FIGS. 10 and 11 are a block diagram of a row electrode driving circuit and a diagram of waveforms of signals of the circuit. This circuit provides to row electrodes a scanning signal which is inverted in polarity for every row as designated by Yn-2, Yn-1, Yn, Yn+1 of FIG. 12. Reference numeral 161 designates a shift pulse generating section composed of a shift register or a decoder and is clocked by clock pulses A1, A2 to provide shift pulses B1, B2, . . . A logic circuit 162 is clocked by clock pulses A1, A2, CL1, and B1, B2, . . . to generate pulses such as those designated by C.sub.(1, 1-4), C.sub.(2, 1-4) and so on, which are supplied to a voltage selection circuit 163.

Supplied to the voltage selection circuit 163 are voltages ±Va, ±Vb as shown at Yn-2 of FIG. 12 or a voltage proportional to such voltages ±Va, ±Vb, one of which is selected in response to C.sub.(n, 1-4).

One of characteristics of the present embodiment resides in its scanning signal. For example, when Yn is taken into consideration, there are two selecting periods 181, 182 and two non-selecting periods 183, 184, which present a voltage ±Va and a voltage ±Vb, respectively. During each selecting period, row electrodes are scanned in line-at-a-time addressing, but a selecting period does not include the entire period 1H assigned thereto but is constituted only from a horizontal retrace period. During the remainder of a horizontal scanning period, no scanning signal is selected, and signals are written into the individual column electrode capacitors in the line-at-a-time addressing as described above with reference to FIGS. 8 and 9. By such a construction as described above, while the display device is constituted in the line-at-a-time addressing type, the necessity of a sample hold circuit can be eliminated in the same manner as in the element-at-a-time addressing, and there appears no difference in quantity of electric charge in display elements arising from differences in effective writing times among individual column as in the element-at-a-time addressing. Particularly in an NLR matrix, a difference in the writing time is a fatal defect, and thus, the element-at-a-time addressing method cannot be possibly applied to the NLR matrix and is complicated in construction of the circuitry. But, according to the present invention, the NLR matrix can be constituted very advantageously from a circuit which is as simple as that of the element-at-a-time addressing method.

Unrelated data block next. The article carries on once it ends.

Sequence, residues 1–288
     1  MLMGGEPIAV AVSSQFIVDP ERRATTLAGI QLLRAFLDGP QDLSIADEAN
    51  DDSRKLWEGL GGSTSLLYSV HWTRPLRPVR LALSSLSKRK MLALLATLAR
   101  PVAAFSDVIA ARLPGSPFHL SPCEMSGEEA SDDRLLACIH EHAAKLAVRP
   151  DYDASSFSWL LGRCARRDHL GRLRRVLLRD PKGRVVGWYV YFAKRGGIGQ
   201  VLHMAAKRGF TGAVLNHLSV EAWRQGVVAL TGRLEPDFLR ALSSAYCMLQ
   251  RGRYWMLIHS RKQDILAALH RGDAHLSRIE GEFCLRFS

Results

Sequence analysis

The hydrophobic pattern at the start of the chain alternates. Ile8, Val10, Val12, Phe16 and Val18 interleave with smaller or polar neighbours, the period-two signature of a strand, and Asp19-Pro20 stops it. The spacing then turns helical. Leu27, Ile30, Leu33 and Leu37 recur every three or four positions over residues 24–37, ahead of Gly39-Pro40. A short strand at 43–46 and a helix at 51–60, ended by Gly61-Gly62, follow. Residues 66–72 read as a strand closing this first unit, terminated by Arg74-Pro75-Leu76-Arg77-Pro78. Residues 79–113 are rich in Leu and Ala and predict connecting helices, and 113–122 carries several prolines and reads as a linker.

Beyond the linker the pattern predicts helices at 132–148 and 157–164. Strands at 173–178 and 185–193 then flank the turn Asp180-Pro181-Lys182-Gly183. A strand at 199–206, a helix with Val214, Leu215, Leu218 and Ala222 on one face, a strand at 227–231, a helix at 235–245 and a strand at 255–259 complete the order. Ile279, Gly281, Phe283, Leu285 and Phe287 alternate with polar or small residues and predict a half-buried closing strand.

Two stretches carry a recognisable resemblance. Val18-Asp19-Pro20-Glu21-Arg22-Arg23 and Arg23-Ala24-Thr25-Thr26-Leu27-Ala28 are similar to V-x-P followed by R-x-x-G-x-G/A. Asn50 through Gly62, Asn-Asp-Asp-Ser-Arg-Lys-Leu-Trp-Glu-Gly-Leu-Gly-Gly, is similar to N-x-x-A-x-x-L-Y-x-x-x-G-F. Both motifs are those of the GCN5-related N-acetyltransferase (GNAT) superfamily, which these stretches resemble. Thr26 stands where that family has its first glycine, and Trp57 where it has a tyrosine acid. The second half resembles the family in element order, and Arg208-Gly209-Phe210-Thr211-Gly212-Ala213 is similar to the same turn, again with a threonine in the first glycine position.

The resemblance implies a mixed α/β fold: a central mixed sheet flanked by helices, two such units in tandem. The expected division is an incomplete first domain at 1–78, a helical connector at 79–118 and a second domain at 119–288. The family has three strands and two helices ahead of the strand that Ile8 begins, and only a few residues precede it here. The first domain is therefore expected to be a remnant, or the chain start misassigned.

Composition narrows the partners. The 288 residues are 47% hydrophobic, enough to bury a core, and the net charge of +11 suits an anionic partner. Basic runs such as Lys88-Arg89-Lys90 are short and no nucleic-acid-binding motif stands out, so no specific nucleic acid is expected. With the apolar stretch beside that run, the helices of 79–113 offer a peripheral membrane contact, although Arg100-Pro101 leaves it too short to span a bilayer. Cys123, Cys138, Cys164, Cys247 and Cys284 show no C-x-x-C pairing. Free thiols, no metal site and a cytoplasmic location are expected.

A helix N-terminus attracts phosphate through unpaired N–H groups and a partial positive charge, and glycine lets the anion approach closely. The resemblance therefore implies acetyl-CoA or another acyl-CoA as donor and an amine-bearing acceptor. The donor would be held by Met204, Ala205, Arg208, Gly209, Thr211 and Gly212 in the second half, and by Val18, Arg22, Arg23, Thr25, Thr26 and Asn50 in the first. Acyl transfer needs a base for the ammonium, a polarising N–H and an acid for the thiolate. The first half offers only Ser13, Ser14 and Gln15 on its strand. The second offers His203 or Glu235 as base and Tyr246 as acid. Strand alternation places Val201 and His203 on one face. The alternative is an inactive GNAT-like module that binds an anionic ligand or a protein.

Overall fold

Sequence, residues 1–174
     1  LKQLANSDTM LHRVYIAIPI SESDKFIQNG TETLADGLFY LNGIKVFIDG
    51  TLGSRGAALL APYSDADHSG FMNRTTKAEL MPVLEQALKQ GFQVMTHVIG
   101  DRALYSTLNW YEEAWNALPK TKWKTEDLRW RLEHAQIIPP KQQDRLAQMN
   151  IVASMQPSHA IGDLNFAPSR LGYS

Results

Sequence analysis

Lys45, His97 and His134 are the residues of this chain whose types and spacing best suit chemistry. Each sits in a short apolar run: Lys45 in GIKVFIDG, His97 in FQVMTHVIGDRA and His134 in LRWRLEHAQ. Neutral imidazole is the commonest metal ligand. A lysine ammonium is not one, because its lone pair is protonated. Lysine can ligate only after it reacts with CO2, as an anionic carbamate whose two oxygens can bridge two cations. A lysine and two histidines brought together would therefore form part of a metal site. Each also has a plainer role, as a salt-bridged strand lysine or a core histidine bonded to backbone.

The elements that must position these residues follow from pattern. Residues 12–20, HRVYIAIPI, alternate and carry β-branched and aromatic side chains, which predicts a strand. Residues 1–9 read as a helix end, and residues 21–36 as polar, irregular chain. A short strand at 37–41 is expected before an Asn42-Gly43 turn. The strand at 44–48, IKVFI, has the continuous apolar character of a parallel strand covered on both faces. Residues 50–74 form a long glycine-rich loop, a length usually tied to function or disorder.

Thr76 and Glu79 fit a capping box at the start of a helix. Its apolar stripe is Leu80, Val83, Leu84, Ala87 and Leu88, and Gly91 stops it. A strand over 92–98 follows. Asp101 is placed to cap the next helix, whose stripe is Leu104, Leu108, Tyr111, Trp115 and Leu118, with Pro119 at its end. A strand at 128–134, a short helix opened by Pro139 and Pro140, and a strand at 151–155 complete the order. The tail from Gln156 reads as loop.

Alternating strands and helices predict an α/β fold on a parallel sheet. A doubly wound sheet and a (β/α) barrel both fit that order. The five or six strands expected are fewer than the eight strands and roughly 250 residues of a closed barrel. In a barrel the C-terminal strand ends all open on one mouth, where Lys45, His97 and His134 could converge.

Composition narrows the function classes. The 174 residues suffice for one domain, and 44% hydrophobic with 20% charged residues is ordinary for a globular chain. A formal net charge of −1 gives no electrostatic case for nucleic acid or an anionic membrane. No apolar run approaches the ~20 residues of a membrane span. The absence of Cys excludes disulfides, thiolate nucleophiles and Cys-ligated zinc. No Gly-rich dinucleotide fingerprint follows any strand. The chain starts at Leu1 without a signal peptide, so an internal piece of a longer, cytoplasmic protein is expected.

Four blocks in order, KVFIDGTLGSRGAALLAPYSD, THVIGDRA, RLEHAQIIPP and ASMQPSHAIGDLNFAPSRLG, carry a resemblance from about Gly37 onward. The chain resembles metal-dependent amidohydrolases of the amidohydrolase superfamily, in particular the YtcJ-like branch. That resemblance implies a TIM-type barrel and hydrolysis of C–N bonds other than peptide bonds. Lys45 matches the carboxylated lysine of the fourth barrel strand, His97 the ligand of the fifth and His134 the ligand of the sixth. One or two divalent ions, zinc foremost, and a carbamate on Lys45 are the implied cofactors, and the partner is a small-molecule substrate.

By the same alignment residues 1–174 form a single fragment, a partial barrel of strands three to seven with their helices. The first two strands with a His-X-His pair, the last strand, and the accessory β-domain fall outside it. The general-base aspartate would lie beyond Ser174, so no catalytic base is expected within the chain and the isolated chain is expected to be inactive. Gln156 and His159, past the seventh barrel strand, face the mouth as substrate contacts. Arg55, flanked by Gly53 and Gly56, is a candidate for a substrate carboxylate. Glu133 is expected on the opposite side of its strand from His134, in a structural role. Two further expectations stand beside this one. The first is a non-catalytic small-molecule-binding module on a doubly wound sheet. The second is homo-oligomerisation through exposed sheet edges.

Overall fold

FIG. 13 is a block diagram showing other embodiment of NLR matrix display device to which the present invention is applied, in which reference numeral 113 is a display section. The display section 113 comprises a liquid crystal panel interposed by two base plates. On one base plate, row electrodes Y1, Y2, . . . , YN and an NLR element 116 are formed and on the other base plate, column electrodes X1, X2, . . . , XM on the base plate. Reference numeral 192 depicts a means for applying a reference electrode 191 with a reference voltage. Thus this structure enables that a capacitance as a dielectric of a liquid crystal is applied to each column electrode so as to reduce influences of noises when video signals are stored at the column electrodes and are transmitted to display elements.

As apparent from the foregoing description, if a driving method according to the present invention is applied, display with a sufficient contrast can be attained in a simple circuit composed of active elements which are available at present.

Further, while in the embodiments described above each horizontal retrace time is used as a whole for a writing timing, part of each horizontal retrace time may otherwise be used for a writing timing. Besides, by changing a reading timing to temporarily store display data in a memory or by similar means, the timing can be set optionally.

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Classifications
Classification aux États-Unis348/792, 348/E03.012, 345/211
Classification internationaleG09G3/36, G02F1/133, G09G3/22, H04N3/12
Classification coopérativeH04N3/12, G09G3/367
Classification européenneH04N3/12, G09G3/36C10
Événements juridiques
DateCodeÉvénementDescription
27 avr. 1998FPAYFee payment
Year of fee payment: 12
25 avr. 1994FPAYFee payment
Year of fee payment: 8
2 mai 1990FPAYFee payment
Year of fee payment: 4
25 juin 1986ASAssignment
Owner name: CITIZEN WATCH CO., LTD., 2-1-1, NISHISHINJUKU, SHI
Free format text: ASSIGNMENT OF ASSIGNORS INTEREST.;ASSIGNOR:TOGASHI, SEIGO;REEL/FRAME:004566/0059
Effective date: 19840117